No Comet left inside

Total solar eclipse draws thousands of Comets, spectators across the U.S. to admire once-in-a-lifetime celestial wonder

Surjaditya Sarkar | Mercury Staff

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Comets on campus found themselves in the direct path of a total solar eclipse on April 8 — This sighting brought thousands of spectators and experts to DFW for a phenomenon that will not return to the city until 2345.  

During the morning of the celestial phenomenon, The Eclipse Planning Committee, led by UTD department head of science/mathematics education Mary Urquhart and UTD research scientist of Space Sciences Marc Haiston, held the “No Comets Left Inside” program across campus. With the help of The National Oceanic and Atmospheric Administration and the UTD Office of Research and Innovation, this program provided free merchandise, viewing glasses, telescope viewings, local music from Radio UTD and a discussion panel for the total solar eclipse. The panel included renowned UTD professor of physics and cosmologist Mustapha Ishak-Boushaki as well as Eileen Stansbery, NASA Division Chief of the Astromaterials Research and Exploration Science Division.  

“Today, scientists use solar eclipses to study the sun’s outer atmosphere and [solar] corona, and we can understand a variety of things about the formation and evolution of our solar system,” Stansbery said. 

Grace Cowger | Mercury Staff

For 3 minutes and 52 seconds, DFW experienced a total eclipse as the moon passed between the sun and the Earth; only the solar corona was visible, the outermost layer of the sun consisting entirely of plasma. The moon’s 167 mile wide shadow carved a path of totality that raced across North Texas at 1600 mph. At 1:41 p.m. the eclipse brought the darkness of nightfall to daytime, silencing wildlife, dropping temperatures by 2 degrees Fahrenheit and making the planet Venus visible.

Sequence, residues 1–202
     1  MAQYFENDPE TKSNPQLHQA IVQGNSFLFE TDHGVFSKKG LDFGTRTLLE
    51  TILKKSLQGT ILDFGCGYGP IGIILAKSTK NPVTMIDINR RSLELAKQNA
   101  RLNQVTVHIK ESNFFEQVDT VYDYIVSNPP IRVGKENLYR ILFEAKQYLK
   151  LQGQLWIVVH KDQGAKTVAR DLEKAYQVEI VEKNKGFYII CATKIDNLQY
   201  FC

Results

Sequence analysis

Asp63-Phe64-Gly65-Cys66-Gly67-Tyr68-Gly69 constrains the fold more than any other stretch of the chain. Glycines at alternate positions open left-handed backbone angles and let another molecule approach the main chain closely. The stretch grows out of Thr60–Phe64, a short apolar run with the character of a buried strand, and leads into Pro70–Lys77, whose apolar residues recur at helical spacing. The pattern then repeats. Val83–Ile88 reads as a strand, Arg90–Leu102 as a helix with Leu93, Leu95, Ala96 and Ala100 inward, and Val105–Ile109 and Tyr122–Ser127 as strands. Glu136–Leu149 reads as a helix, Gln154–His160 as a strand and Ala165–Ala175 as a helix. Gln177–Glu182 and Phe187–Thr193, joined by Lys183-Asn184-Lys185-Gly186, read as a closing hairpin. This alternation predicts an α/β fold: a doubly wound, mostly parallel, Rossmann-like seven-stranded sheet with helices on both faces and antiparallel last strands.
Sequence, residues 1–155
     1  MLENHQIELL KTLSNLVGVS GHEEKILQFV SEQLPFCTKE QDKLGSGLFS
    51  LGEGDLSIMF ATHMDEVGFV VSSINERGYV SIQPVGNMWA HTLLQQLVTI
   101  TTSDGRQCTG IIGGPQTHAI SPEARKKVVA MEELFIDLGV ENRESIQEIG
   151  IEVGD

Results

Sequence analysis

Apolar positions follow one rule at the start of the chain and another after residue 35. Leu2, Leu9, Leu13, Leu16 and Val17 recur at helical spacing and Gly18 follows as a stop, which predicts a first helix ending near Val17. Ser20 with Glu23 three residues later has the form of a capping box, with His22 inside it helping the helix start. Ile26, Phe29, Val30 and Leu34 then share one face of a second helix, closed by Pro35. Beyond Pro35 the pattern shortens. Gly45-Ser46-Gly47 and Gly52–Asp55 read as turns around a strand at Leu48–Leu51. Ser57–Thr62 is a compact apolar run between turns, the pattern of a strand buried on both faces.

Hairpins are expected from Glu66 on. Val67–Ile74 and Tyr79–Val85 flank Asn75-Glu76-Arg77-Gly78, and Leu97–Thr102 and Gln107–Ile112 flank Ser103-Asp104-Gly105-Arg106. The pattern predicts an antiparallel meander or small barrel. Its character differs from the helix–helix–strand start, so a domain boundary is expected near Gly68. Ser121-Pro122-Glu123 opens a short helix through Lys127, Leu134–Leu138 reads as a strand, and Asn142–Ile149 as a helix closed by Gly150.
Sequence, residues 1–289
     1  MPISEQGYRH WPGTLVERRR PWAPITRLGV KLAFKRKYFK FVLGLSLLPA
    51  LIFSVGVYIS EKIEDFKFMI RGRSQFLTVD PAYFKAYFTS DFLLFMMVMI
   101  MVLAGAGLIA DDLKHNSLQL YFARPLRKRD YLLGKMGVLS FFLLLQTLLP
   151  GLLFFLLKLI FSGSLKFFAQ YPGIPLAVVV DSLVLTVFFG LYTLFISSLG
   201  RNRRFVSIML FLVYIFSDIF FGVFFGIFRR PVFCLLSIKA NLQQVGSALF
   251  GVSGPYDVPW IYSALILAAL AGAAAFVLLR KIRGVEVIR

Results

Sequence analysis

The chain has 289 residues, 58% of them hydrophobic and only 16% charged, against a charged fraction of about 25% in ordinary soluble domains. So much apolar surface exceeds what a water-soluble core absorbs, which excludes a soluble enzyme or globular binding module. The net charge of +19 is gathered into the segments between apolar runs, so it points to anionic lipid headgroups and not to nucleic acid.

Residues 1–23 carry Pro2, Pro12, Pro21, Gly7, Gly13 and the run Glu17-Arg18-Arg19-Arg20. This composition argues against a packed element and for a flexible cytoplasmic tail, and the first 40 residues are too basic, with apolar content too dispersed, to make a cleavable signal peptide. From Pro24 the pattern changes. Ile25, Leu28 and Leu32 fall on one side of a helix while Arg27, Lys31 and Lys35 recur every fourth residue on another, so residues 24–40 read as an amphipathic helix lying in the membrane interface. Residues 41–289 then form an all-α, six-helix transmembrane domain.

Discussion for a campus event began after the partial solar eclipse in 2017, but a full planning committee wasn’t assembled until 2022, according to committee member Pamela Gossin, professor of literature and of the history of science. In December 2022 the Eclipse Planning Committee presented their plans for a campus event to the American Geophysical Union, which included helping to prepare local K-12 schools and teachers for the eclipse.  

“We know that without a football stadium or without a large amount of extra parking, we couldn’t accommodate a large crowd from the general community coming to UT Dallas,” Urquhart said. “Instead, we tried to provide as much information as we could to help people in the broader DFW community area enjoy the eclipse where they were. School and teacher training was always a big part of our plan.”  

The university welcomed several thousand according to UTD PD, including students, staff, local residents and travelers from across the nation; campus also hosted students from universities in Colorado, Michigan, Nevada and Utah. In a recent report, UTD said that the Dallas area would bring in a predicted more than $492,000,000 in solar-eclipse expenditures alone. Onlookers came together at the Chess Plaza, Plinth, campus roundabout, Sciences Pavilion and the Callier Center for telescope viewing of the eclipse.  

Physics alumnus David Rodgers, a chemistry professor who also teaches astrology and climate courses at North Central Michigan College, was one of many who traveled from out of state to the university; Rodgers was invited to educate visitors with a Meade lx90 emc telescope at the campus roundabout.  

“[The event] is fantastic, they’ve done a great job putting it together and they have a wide slice of the scientific community here,” Rodgers said. 

Among the scientific community, associate professor of physics Fabiano Rodrigues and his student research team deployed signal sensors on the ground across campus with support from the Eclipse Planning Committee, which monitored interactions between the upper atmosphere and the eclipse during the event.  

To ensure all students and faculty could view the total eclipse at 1:41 p.m., all classes and non-essential jobs were closed on campus between 1 p.m. and 2 p.m. 

“I hope that our whole Comet community was able to experience this profound celestial event,” Urquhart said. “This was an incredible experience to really bring us all together as a Comet community, because wherever people were, we were all experiencing it at the same time.” 


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